As product people, we rely on the stakeholders to successfully progress our product. But effective stakeholder management can be challenging. It can feel like herding cats with every stakeholder going off in a different direction pursuing her or his individual goal. This article offers practical tips to help you succeed in aligning the stakeholders, involving them in the right way, and securing their support for important product decisions.
Products are developed, provided, and enhanced by people, and effectively leading them is crucial to achieve product success. But leading stakeholders and development teams is hard: It requires product managers and product owners to overcome six leadership challenges that range from lacking transactional power to guiding self-organising teams. This article—which is based on my new book “How to Lead in Product Management”—discusses the six challenges and offers practical tips for overcoming them.
Getting the product roadmap prioritisation right is a common challenge. Which items should be addressed first? Which ones can be delayed? This article answers these questions and helps you effectively prioritise your product roadmap.
Being an effective product leader is not easy: It requires embracing people’s ideas as well as saying no, being neither too accommodating, nor too assertive. This post helps you recognise and overcome two common, ineffective leadership styles, feature broker and product dictator, and develop a balanced, successful leadership approach.
As a product manager or product owner, you guide and lead the development team and stakeholders. But you usually don’t have the authority to tell people what to do. Creating alignment and ensuring that everybody is moving in the same direction can consequently feel like herding cats. Luckily, there is a solution: working with shared, connected goals, as I explain in this article.
Product discovery refers to the activities required to determine if and why a product should be developed. Carrying out this work makes it more likely to create a product users actually want and need. In this article, I share my recommendations to help you reflect on and improve your product discovery work.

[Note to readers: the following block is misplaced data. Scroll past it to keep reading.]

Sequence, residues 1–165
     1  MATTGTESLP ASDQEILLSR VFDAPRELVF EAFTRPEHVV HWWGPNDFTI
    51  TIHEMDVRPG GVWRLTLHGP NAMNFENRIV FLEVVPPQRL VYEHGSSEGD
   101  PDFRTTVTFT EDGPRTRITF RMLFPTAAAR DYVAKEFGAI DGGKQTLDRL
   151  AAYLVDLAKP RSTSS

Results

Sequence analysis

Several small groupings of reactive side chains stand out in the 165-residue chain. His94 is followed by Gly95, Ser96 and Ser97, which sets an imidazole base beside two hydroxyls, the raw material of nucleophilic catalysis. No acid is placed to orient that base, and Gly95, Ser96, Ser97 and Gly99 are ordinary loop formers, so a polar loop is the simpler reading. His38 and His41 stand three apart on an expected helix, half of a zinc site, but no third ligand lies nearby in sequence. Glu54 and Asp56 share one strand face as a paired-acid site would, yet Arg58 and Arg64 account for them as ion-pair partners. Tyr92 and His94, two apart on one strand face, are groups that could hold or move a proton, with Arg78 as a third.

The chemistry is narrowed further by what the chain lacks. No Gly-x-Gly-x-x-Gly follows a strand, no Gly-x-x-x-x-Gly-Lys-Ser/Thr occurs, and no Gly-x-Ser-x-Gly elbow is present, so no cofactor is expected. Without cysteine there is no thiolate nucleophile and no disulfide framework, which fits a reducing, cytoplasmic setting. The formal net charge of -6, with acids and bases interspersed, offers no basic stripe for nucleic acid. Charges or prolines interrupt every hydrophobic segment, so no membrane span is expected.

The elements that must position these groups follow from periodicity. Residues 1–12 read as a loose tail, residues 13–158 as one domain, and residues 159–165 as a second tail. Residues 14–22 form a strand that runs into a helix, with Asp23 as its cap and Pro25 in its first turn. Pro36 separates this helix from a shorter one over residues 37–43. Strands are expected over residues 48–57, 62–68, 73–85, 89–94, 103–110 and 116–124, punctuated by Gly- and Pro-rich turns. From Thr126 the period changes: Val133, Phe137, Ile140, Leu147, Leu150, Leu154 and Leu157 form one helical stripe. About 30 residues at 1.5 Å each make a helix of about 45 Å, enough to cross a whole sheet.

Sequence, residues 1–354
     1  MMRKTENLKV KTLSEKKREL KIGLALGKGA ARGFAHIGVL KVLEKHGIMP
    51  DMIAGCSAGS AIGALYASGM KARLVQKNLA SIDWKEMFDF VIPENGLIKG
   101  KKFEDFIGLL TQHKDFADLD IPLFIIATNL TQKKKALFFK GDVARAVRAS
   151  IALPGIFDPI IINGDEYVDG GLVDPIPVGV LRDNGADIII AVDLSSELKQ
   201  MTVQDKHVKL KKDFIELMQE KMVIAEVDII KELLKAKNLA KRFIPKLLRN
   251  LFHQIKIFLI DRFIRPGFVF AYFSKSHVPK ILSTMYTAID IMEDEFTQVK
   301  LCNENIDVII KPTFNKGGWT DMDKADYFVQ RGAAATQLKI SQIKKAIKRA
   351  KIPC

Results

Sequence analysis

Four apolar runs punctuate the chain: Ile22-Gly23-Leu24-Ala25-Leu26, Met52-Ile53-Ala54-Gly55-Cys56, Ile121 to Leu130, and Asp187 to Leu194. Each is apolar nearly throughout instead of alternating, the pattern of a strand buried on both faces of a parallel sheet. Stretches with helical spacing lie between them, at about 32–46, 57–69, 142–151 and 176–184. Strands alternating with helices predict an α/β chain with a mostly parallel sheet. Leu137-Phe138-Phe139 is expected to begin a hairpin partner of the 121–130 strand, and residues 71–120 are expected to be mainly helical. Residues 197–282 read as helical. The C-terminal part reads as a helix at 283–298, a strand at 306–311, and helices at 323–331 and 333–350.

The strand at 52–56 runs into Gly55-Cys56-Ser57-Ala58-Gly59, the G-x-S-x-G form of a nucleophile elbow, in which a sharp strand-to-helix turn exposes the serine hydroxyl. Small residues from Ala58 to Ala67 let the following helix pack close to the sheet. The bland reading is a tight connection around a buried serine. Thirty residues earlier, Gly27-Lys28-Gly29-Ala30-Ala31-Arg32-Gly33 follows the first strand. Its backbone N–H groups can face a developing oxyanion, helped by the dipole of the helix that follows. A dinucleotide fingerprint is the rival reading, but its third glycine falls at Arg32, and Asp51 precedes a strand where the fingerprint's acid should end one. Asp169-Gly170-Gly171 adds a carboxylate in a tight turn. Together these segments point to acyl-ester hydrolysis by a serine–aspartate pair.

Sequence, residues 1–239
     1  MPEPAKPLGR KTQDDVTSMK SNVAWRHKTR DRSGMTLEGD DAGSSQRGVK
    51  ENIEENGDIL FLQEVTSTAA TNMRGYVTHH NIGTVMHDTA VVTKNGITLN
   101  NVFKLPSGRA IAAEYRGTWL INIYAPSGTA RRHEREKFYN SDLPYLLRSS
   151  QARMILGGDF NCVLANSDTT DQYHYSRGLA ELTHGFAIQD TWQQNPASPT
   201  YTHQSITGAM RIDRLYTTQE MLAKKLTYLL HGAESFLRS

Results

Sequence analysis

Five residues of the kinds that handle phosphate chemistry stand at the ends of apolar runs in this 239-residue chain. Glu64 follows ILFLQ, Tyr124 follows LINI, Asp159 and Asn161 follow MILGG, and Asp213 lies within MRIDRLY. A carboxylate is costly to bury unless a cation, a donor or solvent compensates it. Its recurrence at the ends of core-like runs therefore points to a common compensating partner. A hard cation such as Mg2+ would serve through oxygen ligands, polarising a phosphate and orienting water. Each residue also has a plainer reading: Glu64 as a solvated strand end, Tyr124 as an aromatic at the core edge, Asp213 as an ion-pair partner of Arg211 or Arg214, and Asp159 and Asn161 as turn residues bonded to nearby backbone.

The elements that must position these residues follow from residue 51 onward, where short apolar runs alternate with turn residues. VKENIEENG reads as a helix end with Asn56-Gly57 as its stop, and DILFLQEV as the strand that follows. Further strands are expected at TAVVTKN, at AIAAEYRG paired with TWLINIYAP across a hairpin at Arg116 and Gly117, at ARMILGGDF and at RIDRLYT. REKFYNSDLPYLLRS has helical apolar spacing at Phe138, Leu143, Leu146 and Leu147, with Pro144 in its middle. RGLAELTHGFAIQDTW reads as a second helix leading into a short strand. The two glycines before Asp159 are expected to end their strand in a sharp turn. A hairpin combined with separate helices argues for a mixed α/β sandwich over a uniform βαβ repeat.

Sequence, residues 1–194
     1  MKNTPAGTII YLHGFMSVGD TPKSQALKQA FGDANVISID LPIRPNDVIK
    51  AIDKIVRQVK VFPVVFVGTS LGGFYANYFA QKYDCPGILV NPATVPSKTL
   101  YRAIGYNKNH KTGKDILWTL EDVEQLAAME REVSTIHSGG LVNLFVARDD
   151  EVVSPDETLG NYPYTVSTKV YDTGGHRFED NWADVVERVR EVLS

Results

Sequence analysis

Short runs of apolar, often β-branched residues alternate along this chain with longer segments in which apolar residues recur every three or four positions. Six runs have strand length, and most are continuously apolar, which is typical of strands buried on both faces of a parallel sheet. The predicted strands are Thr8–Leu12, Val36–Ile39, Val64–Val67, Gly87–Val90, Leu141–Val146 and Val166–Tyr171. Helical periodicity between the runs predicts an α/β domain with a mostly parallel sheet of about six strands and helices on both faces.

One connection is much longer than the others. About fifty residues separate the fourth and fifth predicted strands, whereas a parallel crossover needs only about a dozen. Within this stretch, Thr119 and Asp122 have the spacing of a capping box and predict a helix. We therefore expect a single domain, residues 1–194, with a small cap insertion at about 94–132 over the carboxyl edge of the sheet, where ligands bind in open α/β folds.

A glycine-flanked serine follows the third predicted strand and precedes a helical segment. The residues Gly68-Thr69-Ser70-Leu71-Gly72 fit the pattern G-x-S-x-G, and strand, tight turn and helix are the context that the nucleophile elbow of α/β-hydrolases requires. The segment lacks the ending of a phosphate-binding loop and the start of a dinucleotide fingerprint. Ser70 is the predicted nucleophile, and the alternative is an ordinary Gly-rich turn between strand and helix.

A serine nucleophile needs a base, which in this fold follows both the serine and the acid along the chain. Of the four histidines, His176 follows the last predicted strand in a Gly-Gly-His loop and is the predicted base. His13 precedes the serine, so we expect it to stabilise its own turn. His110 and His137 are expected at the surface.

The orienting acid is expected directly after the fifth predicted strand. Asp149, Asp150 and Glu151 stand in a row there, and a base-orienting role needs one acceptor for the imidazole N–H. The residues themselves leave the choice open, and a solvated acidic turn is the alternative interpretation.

The sprint review meeting is maybe the most important Scrum event for product people—it helps you collect feedback and make the right product decisions thereby increasing the chances of creating a successful product. But I find that product owners are not always clear on who should attend the meeting, how it should be run, and how to collect the relevant feedback. This article answers these questions and shares my tips for getting the most out of the sprint review.
Experiencing disagreement and conflict is part of our job as product managers and product owners. We work with a broad range of people from different departments, and it’s only natural that we don’t always agree and sometimes clash. But constructively navigating conflict can be challenging. This article shares my recommendations for dealing with difficult people and successfully addressing conflict.
Unanimity is a powerful approach to take advantage of the collective wisdom of the stakeholders and development team members and generate strong buy-in and shared ownership of a decision. But it can be challenging to apply, and if used incorrectly, it can create mediocre results. This post helps you leverage unanimity to make successful product decisions. It explains when and how to use it, and it discusses common traps and how to avoid them.
As product managers and product owners, we make a myriad of decisions—from shaping the product strategy and determining the product roadmap to deciding the detailed functionality of our products. But do we make all these decisions effectively? And do we always secure the necessary buy-in? This post helps you make better decisions. It discusses five common decision rules and explains when to apply them.